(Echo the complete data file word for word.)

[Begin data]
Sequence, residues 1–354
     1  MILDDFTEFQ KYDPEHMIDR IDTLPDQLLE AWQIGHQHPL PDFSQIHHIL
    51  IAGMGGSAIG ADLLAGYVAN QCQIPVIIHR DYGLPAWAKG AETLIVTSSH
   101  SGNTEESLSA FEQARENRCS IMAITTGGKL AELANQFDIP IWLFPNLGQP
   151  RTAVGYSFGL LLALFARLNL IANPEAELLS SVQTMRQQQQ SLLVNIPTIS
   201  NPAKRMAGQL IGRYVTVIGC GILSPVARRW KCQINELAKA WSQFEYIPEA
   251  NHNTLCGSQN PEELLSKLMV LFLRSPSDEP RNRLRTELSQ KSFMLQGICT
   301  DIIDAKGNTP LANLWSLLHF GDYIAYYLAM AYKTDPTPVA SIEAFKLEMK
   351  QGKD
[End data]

Sequence, residues 1–354
     1  MILDDFTEFQ KYDPEHMIDR IDTLPDQLLE AWQIGHQHPL PDFSQIHHIL
    51  IAGMGGSAIG ADLLAGYVAN QCQIPVIIHR DYGLPAWAKG AETLIVTSSH
   101  SGNTEESLSA FEQARENRCS IMAITTGGKL AELANQFDIP IWLFPNLGQP
   151  RTAVGYSFGL LLALFARLNL IANPEAELLS SVQTMRQQQQ SLLVNIPTIS
   201  NPAKRMAGQL IGRYVTVIGC GILSPVARRW KCQINELAKA WSQFEYIPEA
   251  NHNTLCGSQN PEELLSKLMV LFLRSPSDEP RNRLRTELSQ KSFMLQGICT
   301  DIIDAKGNTP LANLWSLLHF GDYIAYYLAM AYKTDPTPVA SIEAFKLEMK
   351  QGKD